Pocket Office Part 2

When I decided to build this pocket office, I knew it would take several weeks, as I truly had no idea what I was doing, or maybe it was more of a hesitation as I navigated new tools and acquired new skills. Either way, at this point I had the shell of the cabinets built, and decided it was time to start tackling the doors and counters.

Most of the cabinetry tutorials I watched involved the use of pre made doors, but I had a hard time swallowing the cost of these, so I decided, if I could make cabinets, I could probably figure out doors as well. I have to apologize in advance for the photos, as mentioned before, I did not intend on sharing photos so most of what I have to share are screenshots from videos I shared in instagram stories.

These were the supplies I needed for the shaker style doors I built :

  • 1×3 select pine
  • 1/4″ oak plywood
  • Wood Glue
  • 1 1/4″ pocket hole screws
  • Kreg Pocket Hole Jig
  • Kreg Concealed Hinge Jig
  • Soft Close hinges
  • Drill
  • Table Top Router
  • Mitre Saw
  • Table Saw
  • Wood Filler
  • Oribital Sander or Block Sander

To start, I had to determine the size of the doors. I figured this out by measuring the face frame of the cabinets from the insides, and adding the amount I wanted them to overlap the face frame. For my cabinets that would have 2 doors, I would divide that in half to account for both the doors. I used this math for both the width AND the height. I used the 1×3 select pine for the rails and stiles. I cut the rails (the horizontal top and bottom pieces) to those widths, 2 for each door using the mitre saw. I then determined the height of the stiles (the vertical right and left pieces) by deducting the width of the rails from my earlier math (this was 2.5″ for each one, as that is the true width of a 1×3 piece of pine)… as you can see in my photo above, the stiles do not have to be the full height, as the rails add to it.

Once these pieces were cut for each door, I drilled pocket holes on the top and bottom of each stile. I took care not to drill the holes too close to the inner part of the door, as I would be routing a groove deep enough for the inner panel to rest. I used a table top router and routed a groove about a 1/4″ deep along the entire length of each stile. For the rails, I limited the how far I took the groove, careful not to go all the way to the ends, otherwise the groove would be visible at the edges of the door. Below are the best images I could capture from my videos.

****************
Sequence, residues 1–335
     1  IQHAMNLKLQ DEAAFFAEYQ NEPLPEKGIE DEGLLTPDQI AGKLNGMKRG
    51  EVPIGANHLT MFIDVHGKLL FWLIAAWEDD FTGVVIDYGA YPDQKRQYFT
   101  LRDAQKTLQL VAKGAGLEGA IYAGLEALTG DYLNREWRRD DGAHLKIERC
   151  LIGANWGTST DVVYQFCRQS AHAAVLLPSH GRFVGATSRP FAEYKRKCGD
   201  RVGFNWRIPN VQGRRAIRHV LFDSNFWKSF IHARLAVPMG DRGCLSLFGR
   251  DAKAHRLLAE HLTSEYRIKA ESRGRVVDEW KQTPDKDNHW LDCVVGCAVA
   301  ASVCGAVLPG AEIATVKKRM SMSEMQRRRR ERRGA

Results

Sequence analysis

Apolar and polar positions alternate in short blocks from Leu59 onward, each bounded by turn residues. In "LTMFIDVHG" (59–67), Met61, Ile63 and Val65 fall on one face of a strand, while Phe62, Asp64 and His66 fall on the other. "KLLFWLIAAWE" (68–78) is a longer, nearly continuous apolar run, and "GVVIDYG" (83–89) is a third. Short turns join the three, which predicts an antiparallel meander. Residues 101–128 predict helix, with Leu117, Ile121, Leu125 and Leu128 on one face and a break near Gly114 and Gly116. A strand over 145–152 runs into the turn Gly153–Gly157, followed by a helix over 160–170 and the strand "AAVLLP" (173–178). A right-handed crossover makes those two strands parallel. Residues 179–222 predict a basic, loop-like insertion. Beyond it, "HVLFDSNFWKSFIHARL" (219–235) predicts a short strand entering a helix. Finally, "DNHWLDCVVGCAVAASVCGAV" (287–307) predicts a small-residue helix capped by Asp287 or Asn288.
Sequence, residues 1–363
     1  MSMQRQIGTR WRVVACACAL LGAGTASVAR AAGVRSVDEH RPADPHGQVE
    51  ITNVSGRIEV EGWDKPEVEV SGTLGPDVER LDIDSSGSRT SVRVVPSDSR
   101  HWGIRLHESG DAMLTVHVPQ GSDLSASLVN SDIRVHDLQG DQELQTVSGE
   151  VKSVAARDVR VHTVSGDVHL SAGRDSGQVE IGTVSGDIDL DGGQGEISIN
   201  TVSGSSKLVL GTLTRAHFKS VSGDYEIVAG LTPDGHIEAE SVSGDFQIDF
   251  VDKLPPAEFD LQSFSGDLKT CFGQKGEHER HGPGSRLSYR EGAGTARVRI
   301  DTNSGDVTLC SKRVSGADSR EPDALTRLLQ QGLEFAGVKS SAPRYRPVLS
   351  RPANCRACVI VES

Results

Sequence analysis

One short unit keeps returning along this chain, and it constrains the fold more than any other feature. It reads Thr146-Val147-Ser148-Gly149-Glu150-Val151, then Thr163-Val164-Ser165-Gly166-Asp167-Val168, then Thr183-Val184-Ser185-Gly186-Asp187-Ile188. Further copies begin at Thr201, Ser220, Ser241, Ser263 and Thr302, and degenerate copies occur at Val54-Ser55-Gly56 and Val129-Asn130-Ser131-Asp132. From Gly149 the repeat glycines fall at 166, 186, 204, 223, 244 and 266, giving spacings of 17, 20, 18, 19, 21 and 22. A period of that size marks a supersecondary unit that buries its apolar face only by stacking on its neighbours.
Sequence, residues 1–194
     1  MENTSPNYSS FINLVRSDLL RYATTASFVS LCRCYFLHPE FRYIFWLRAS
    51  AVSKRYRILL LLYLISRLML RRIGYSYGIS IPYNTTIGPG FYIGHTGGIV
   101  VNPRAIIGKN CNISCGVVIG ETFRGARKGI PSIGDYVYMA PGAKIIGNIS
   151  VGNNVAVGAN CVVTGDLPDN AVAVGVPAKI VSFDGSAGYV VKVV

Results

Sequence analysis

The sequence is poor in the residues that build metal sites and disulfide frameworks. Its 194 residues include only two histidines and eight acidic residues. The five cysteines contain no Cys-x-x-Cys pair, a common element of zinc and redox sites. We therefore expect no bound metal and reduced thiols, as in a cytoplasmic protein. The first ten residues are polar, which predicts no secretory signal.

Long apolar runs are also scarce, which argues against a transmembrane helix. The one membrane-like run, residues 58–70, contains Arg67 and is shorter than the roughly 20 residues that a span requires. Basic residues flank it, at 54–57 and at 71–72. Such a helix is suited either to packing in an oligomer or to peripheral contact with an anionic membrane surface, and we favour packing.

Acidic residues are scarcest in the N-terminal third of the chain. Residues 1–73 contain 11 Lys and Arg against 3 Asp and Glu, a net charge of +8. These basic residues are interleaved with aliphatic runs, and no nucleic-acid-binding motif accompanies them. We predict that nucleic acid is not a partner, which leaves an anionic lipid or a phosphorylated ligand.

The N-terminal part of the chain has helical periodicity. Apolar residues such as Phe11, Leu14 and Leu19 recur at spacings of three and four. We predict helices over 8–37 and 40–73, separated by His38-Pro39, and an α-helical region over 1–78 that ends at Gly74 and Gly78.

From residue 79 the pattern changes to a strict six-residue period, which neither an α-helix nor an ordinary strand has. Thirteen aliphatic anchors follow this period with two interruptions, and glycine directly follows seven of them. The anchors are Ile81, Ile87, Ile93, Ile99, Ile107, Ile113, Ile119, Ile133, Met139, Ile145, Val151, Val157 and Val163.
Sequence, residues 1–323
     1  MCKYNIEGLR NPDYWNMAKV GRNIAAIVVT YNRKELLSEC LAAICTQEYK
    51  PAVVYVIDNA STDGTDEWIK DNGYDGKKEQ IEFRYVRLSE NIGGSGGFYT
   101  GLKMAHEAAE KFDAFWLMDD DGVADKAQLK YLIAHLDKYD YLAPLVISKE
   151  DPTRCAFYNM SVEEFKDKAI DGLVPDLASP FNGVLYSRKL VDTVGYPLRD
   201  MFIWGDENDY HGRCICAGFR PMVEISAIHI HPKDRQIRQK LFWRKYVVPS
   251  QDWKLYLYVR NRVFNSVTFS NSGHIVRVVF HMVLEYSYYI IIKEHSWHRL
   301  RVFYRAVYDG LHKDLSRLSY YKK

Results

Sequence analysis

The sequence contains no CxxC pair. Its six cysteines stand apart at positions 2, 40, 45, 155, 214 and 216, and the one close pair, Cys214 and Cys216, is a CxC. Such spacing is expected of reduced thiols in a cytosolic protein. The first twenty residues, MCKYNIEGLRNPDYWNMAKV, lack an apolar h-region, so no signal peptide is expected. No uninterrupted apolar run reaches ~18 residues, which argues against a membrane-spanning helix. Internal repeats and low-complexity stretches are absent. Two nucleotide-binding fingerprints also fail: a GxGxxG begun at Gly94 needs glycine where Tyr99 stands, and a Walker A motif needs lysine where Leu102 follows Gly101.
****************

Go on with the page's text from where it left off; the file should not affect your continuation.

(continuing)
After my rails and stiles were prepped, I would need to create the panels out of the 1/4″ plywood. I can’t promise you this is the most productive way to determine the size of the paneling, but this is what worked for me. I decided to assemble the bottom rail and the two stiles with the pocket holes/screws, using wood glue where the wood meet. A trick I discovered for screwing the rails and stiles together was to use a scrap piece of wood under the 2 pieces you are joining together and clamping along the seams, this helps to hold the wood flush as you drill the screws in place. Try as I might, I could not find a photo of this during the build, it seems I did not document that process. Once the 3 sides of the door frame were built, I took my measurements for the panel. I measured the width and height of the opening, and added 1/2″ to both to account for the 1/4″ groove depth along each rail and stile. I purchased my 1/4″ plywood in 2’x4′ panels so they were easier for me to cut down on my table saw. After it is cut to size, I added some wood glue inside the grooves, and slid the panel into place and attached the final rail to the top. Peep these beauties!